a) What did we do that helped you to settle to learn?

b) What do you now do differently, as a result of being at our school?

c) What did we do that interfered with your ability to settle and learn here?

d) What should we get better at?

e) What would you like us to understand about pupils who struggle in school?

It is only when we truly listen that we become acutely aware of the misinterpretations and mistranslation that inevitably goes on within schools, and the need for us to adapt our practice.

TO THE NEW

5. Induction

The time invested in the pupil’s welcome will be well spent. The class needs to be prepared and ready to welcome with a full time-table implemented over time, not all at once.  The pupil will be especially vulnerable at first and will benefit from being paired up with good role models who will be aware of their role in helping the new pupil feel comfortable. At the same time, it’s also wise to be ready for the end of a ‘honeymoon period’ as difficulties usually arise when pupils feel more settled. Monitor closely and be ready to increase support sooner rather than later – as a preventive measure. If the school is able to provide solutions-focused support, now would be the time for this.

6. Follow-up

The previous school needs to continue contact with the pupil in person and/or through notes or cards. It’s important that pupils experience staggered endings – especially with their key adult. Like all of us, vulnerable pupils need to process endings and feelings of rejection and despair will quickly overwhelm if not managed through planned, staggered endings. Imagine how helpful it would be for a pupil who may be full of shame to know that someone chooses to remain in contact, despite not being paid to do so. This after-care experience could prove life-changing for some, in terms of how they view themselves.

In summary

None of this is standard practice. (Correct me if I’m wrong) However, it’s vital for those pupils whose life experience places them at risk of experiencing feelings of profound rejection. The consequences of this can be toxic – for the pupils themselves and their wider communities. Despair and isolation can lead to devastating effects, such as the numbing of pain through drug-taking, binge drinking, risk taking and other compulsive addictive behaviours. We must strive to avoid these outcomes, by doing things properly, managing transitions sensitively, creating for our pupils a sense of belonging and thereby avoiding the dangerous game of pass the parcel with our most vulnerable children.

APPENDIX

A Memory book could include

  • photos of significant people in school
  • photos of significant places in school
  • comments written by staff
  • evidence of successes – pieces of work/photos/written entries
  • a list of areas of improvement
  • a list of areas still to be worked on
  • names of favourite books/activities/tasks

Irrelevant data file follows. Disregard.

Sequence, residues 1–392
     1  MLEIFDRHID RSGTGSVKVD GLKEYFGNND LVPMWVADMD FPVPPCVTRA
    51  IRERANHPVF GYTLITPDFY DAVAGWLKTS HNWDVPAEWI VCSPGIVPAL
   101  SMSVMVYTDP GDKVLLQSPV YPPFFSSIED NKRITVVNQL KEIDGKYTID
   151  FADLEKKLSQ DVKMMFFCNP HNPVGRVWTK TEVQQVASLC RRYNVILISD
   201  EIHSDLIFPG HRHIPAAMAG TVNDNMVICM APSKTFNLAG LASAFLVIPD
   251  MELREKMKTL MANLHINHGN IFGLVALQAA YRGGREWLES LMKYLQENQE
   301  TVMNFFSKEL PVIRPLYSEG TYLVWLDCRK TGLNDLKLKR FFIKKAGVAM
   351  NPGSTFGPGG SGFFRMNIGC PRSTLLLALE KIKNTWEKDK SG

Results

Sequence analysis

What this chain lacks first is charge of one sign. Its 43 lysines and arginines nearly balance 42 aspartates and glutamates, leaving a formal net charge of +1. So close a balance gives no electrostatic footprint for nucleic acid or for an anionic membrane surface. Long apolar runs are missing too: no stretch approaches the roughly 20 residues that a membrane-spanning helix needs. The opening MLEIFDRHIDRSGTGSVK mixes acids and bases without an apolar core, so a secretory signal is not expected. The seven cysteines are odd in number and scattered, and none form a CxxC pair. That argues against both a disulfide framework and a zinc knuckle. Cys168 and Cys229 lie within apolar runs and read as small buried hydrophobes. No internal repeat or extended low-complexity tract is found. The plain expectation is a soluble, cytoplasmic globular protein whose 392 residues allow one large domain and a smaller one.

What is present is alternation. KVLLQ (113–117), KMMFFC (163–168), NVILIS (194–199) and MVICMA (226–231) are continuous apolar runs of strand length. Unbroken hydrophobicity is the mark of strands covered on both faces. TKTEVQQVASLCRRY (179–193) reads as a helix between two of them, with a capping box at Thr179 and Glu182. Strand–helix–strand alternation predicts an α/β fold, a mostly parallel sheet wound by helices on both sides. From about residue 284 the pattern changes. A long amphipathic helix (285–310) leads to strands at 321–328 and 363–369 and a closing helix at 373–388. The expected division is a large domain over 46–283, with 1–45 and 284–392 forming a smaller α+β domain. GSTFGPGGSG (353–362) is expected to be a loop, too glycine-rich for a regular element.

• log of best memories
  • time line (include the future on this so they can start to think about it)

Visits to new school can include

  • following a map to the new school
  • meeting key staff
  • having lunch together
  • attending a club
  • interviewing a pupil at the new school
  • taking photos
  • looking at a school map
  • going through the school diary to prepare for organising themselves

 

 

 

 

 

 

 

 

 

 

 

 

 

 

 

 

 

 

 

 

 

 

 

 

 

 

 

 

 

 

 

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3 Comments

  1. I am the Author of Energy EFT For Teenagers and Happy Tapping with Mia & Charlie both available on Amazon. Recent successful trials on using EFT in schools in Australia prove what a valuable tool EFT is in the classroom. I am currently trying to get EFT into schools via my books in the UK to help with Anxiety, stress, bullying, starting a new school or changing school, school phobia, exam nerves, body confidence, sports performance and lots more. If every child learned to tap schools eould be much better all round. Peers would be able to communicate better, the energy in the classroom would be more poditive. Teachers would be less stressed, pupils would be less anxious so would learn better. The benefits go on and on.

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  2. I am the Author of Energy EFT For Teenagers and Happy Tapping with Mia & Charlie both available on Amazon. Recent successful trials on using EFT in schools in Australia prove what a valuable tool EFT is in the classroom. I am currently trying to get EFT into schools via my books in the UK to help with Anxiety, stress, bullying, starting a new school or changing school, school phobia, exam nerves, body confidence, sports performance and lots more. If every child learned to tap schools would be much better all round. Peers would be able to communicate better, the energy in the classroom would be more positive. Teachers would be less stressed, pupils would be less anxious so would learn better. The benefits go on and on.

    Like